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encoding/json: length greater than capacity in backtrace in unquoteBytes crash #34292

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raokrutarth opened this issue Sep 13, 2019 · 7 comments

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@raokrutarth
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commented Sep 13, 2019

What version of Go are you using (go version)?

go 1.11

Does this issue reproduce with the latest release?

Not clear. Unable to reproduce issue with same release as well.

What operating system and processor architecture are you using (go env)?

x86-64, Linux. Can provide additional details if necessary.

What did you do?

Saw the below back trace during an application crash

2019-09-12T19:38:17.382003+00:00 8400S hpe-tsdbd[5589]: panic: runtime error: invalid memory address or nil pointer dereference 2019-09-12T19:38:17.382268+00:00 8400S hpe-tsdbd[5589]: [signal SIGSEGV: segmentation violation code=0x1 addr=0x20 pc=0x55d2d3b52165] 2019-09-12T19:38:17.382547+00:00 8400S hpe-tsdbd[5589]: goroutine 26 [running]: 2019-09-12T19:38:17.382685+00:00 8400S hpe-tsdbd[5589]: panic(0x55d2d428f500, 0x55d2d472de00) 2019-09-12T19:38:17.382813+00:00 8400S hpe-tsdbd[5589]: #011/usr/lib/go/src/runtime/panic.go:556 +0x2cf fp=0xc000e0ced0 sp=0xc000e0ce40 pc=0x55d2d38b9eaf 2019-09-12T19:38:17.382936+00:00 8400S hpe-tsdbd[5589]: runtime.panicmem() 2019-09-12T19:38:17.383063+00:00 8400S hpe-tsdbd[5589]: #011/usr/lib/go/src/runtime/panic.go:82 +0x60 fp=0xc000e0cef0 sp=0xc000e0ced0 pc=0x55d2d38b8eb0 2019-09-12T19:38:17.383199+00:00 8400S hpe-tsdbd[5589]: runtime.sigpanic() 2019-09-12T19:38:17.383322+00:00 8400S hpe-tsdbd[5589]: #011/usr/lib/go/src/runtime/signal_unix.go:390 +0x186 fp=0xc000e0cf40 sp=0xc000e0cef0 pc=0x55d2d38cffb6 2019-09-12T19:38:17.383445+00:00 8400S hpe-tsdbd[5589]: encoding/json.unquoteBytes(0xc00132ed75, 0x20, 0x328a, 0x55d2d425a7a0, 0xc00090fb10, 0x98, 0x55d2d42df980) 2019-09-12T19:38:17.383566+00:00 8400S hpe-tsdbd[5589]: #011/usr/lib/go/src/encoding/json/decode.go:1210 +0x125 fp=0xc000e0cfe8 sp=0xc000e0cf40 pc=0x55d2d3b52165 2019-09-12T19:38:17.383686+00:00 8400S hpe-tsdbd[5589]: encoding/json.(*decodeState).object(0xc00015ce60, 0x55d2d4280760, 0xc000e34240, 0x195, 0xc00015ce88, 0x7b) 2019-09-12T19:38:17.383805+00:00 8400S hpe-tsdbd[5589]: #011/usr/lib/go/src/encoding/json/decode.go:692 +0x972 fp=0xc000e0d2b0 sp=0xc000e0cfe8 pc=0x55d2d3b4d062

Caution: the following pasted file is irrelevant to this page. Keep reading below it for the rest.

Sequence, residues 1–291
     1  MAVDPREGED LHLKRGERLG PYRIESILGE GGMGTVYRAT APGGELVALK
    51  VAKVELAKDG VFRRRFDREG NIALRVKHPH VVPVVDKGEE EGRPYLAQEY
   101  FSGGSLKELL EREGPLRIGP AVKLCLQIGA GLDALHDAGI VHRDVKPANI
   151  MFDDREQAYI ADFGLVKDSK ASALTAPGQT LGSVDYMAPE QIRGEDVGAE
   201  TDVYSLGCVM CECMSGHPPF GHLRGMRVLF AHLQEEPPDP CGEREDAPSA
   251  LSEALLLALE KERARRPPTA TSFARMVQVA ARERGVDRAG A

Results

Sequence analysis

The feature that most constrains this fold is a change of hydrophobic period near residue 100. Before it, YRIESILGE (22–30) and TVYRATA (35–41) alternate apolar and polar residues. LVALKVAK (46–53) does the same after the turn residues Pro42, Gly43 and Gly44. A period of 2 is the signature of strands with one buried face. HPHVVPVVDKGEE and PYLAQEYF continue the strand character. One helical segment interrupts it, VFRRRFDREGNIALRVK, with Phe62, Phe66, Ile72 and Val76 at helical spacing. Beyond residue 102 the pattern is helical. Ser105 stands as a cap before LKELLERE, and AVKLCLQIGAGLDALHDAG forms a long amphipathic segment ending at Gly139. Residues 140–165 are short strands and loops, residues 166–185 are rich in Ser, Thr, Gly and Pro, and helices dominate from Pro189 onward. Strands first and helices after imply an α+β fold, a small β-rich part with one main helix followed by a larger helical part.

Backtrace showed the item array had a larger length than capacity:

#12 0x000055d2d38cffb6 in runtime.sigpanic () at /usr/lib/go/src/runtime/signal_unix.go:390
g = 0xc0001c8780
#13 0x000055d2d3b52165 in encoding/json.unquoteBytes (ok=, s=..., t=...) at /usr/lib/go/src/encoding/json/decode.go:1229
c =
size =
b =
r = 30
w =
#14 0x000055d2d3b4d062 in encoding/json.(*decodeState).object (d=0xc00015ce60, v=..., ~r1=...) at /usr/lib/go/src/encoding/json/decode.go:692
destring = false
key = {array = 0xc00132ed15 "vsx_virtual_gw_mac_v6":{"type":{"min":0,"key":{"maxLength":17,"minLength":17,"type":"string"}}},"mgmd_querier_max_response_time":{"type":{"max":2,"min":0,"key":{"type":"string","enum":["set",["igmp",""..., len = 21, cap = 13035}
subv = {typ = 0x55d2d42df980, ptr = 0xc000839d70, flag = 409}
item = {array = 0xc00132ed75 ""mgmd_querier_max_response_time":{"type":{"max":2,"min":0,"key":{"type":"string","enum":["set",["igmp","mld"]]},"value":{"minInteger":10,"maxInteger":128,"type":"integer"}}},"vsx_peer_mac":{"type":{"m"..., len = 824636187520, cap = 12939}
start = 6480